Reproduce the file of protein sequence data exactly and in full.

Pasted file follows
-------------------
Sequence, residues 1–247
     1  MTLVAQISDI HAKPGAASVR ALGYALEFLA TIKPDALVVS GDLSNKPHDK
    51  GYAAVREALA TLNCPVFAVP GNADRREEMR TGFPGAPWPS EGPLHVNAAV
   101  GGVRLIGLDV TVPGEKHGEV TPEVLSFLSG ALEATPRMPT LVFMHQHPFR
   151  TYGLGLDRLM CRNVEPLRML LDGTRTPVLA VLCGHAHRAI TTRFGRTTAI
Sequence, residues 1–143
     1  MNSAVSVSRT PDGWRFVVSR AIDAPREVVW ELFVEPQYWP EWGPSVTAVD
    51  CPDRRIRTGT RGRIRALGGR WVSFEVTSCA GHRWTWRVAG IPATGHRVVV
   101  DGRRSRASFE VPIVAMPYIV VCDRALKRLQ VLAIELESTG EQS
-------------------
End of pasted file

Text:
Sequence, residues 1–247
     1  MTLVAQISDI HAKPGAASVR ALGYALEFLA TIKPDALVVS GDLSNKPHDK
    51  GYAAVREALA TLNCPVFAVP GNADRREEMR TGFPGAPWPS EGPLHVNAAV
   101  GGVRLIGLDV TVPGEKHGEV TPEVLSFLSG ALEATPRMPT LVFMHQHPFR
   151  TYGLGLDRLM CRNVEPLRML LDGTRTPVLA VLCGHAHRAI TTRFGRTTAI
Sequence, residues 1–143
     1  MNSAVSVSRT PDGWRFVVSR AIDAPREVVW ELFVEPQYWP EWGPSVTAVD
    51  CPDRRIRTGT RGRIRALGGR WVSFEVTSCA GHRWTWRVAG IPATGHRVVV
   101  DGRRSRASFE VPIVAMPYIV VCDRALKRLQ VLAIELESTG EQS